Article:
Rankings[edit]

Golden Ticket Awards: Top steel Roller Coasters
Year 2001 2002 2003 2004 2005 2006 2007 2008 2009 2010 2011 2012 2013
Ranking 20[7] 16[8] 13[9] 12[10] 18[11] 23[12] 14[13] 17[14] 28[15] 26[16] 40[17] 43[18] 38[19]


Mitch Hawker's Best Roller Coaster Poll: Best Steel-Tracked Roller Coaster
Year 2001 2002 2003 2004 2005 2006 2007 2008
Ranking
8
6
11
13
9
12
17
19

References[edit]

  1. ^ "Rider thrown from new Darien Lake roller coaster". Rideaccidents.com. Retrieved 2008-02-17. 
  2. ^ "New England: Massachusetts: Coaster Death Report". New York Times. 2004-05-08. Retrieved 2006-07-31. 
  3. ^ "Army amputee ejected from roller coaster, dies". NBC News. 2011-07-09. 
  4. ^ http://www.msnbc.msn.com/id/43692529/ns/us_news-life/t/army-amputee-ejected-roller-coaster-dies/#.T56PFdXNnct
  5. ^ "Darien Lake safety regulation placard". 2008. Retrieved 2011-07-12. 
  6. ^ "Ride of Steel Reopens, Darien Lake Officials Answer Questions About Tragedy". WKBW TV Buffalo. 2011-07-22. 
  7. ^ "Top 25 steel roller coasters" (PDF). Amusement Today: 7B. August 2001. Retrieved September 8, 2013. 
  8. ^ "Top 25 steel roller coasters" (PDF). Amusement Today: 7B. September 2002. Retrieved September 8, 2013. 
  9. ^ "Top 50 steel roller coasters" (PDF). Amusement Today: 14–15B. September 2003. Retrieved September 8, 2013. 
  10. ^ "Top 50 steel roller coasters" (PDF). Amusement Today: 18–19B. September 2004. Archived from the original on April 3, 2007. Retrieved September 8, 2013. 
  11. ^ "Top 50 steel roller coasters" (PDF). Amusement Today: 26–27B. September 2005. Retrieved September 8, 2013.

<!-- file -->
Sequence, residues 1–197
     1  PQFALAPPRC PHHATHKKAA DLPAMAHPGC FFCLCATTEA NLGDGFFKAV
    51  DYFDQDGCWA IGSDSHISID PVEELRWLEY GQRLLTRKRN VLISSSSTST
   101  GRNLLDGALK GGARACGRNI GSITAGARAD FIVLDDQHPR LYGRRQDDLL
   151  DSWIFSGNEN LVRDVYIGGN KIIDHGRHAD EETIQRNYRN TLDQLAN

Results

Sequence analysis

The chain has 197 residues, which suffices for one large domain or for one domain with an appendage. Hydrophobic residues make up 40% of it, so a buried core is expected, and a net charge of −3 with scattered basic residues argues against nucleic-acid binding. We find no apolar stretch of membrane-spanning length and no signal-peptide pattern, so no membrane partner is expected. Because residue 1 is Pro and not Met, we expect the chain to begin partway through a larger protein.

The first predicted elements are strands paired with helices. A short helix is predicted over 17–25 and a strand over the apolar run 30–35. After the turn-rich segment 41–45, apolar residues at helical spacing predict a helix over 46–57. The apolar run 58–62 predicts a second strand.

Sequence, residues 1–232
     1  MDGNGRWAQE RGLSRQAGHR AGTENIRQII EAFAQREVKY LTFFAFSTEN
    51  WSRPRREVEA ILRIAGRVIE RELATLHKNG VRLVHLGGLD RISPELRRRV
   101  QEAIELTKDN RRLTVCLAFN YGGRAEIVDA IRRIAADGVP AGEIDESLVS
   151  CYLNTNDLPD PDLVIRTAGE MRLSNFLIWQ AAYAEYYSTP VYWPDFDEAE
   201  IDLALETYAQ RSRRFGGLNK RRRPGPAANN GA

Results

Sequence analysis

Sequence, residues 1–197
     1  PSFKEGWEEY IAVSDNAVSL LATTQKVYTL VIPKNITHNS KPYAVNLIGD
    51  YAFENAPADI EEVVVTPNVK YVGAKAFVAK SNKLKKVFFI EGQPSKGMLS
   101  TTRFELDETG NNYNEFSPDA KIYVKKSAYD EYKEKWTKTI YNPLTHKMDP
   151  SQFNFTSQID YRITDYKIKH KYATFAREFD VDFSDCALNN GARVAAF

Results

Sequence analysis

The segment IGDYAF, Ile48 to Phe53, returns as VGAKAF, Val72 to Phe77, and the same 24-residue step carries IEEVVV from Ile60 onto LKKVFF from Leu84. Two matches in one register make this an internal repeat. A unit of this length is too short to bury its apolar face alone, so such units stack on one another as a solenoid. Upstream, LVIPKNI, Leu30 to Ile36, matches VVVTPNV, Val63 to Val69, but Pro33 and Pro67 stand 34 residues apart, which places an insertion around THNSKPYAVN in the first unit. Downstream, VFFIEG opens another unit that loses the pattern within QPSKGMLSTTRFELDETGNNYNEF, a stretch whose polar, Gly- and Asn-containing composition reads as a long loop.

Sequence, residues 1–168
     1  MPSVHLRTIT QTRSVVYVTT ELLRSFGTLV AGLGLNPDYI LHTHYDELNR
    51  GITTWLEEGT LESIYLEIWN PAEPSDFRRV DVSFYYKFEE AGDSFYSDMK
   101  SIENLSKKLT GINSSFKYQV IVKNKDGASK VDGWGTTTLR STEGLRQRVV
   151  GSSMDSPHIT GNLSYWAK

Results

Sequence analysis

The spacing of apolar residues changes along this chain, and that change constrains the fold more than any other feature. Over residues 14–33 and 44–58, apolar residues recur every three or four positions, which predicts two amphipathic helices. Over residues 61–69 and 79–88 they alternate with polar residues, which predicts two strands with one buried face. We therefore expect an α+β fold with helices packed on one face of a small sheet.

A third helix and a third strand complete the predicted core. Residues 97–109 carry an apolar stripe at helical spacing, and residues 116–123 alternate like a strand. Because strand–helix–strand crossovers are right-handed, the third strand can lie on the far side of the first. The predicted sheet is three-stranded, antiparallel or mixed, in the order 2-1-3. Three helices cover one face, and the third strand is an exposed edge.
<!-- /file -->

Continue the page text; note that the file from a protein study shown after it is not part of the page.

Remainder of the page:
12. ^ "Top 50 steel roller coasters" (PDF). Amusement Today: 26–27B. September 2006. Retrieved September 8, 2013. 
  13. ^ "Top 50 steel roller coasters" (PDF). Amusement Today 11 (6.2): 36–37. September 2007. Retrieved September 8, 2013. 
  14. ^ "Top 50 steel roller coasters" (PDF). Amusement Today 12 (6.2): 36–37. September 2008. Retrieved September 8, 2013. 
  15. ^ "Top 50 steel roller coasters" (PDF). Amusement Today 13 (6.2): 32–33. September 2009. Retrieved September 8, 2013. 
  16. ^ "Top 50 steel roller coasters" (PDF). Amusement Today 14 (6.2): 34–35. September 2010. Retrieved September 8, 2013. 
  17. ^ "Top 50 steel roller coasters" (PDF). Amusement Today 15 (6.2): 38–39. September 2011. Retrieved September 8, 2013. 
  18. ^ "Top 50 steel roller coasters" (PDF). Amusement Today 16 (6.2): 36–37. September 2012. Retrieved September 8, 2013. 
  19. ^ "2013 Top 50 steel Roller Coasters" (PDF). Amusement Today 17 (6.2): 34–35. September 2013. Archived from the original on October 19, 2013. Retrieved September 8, 2013. 

External links[edit]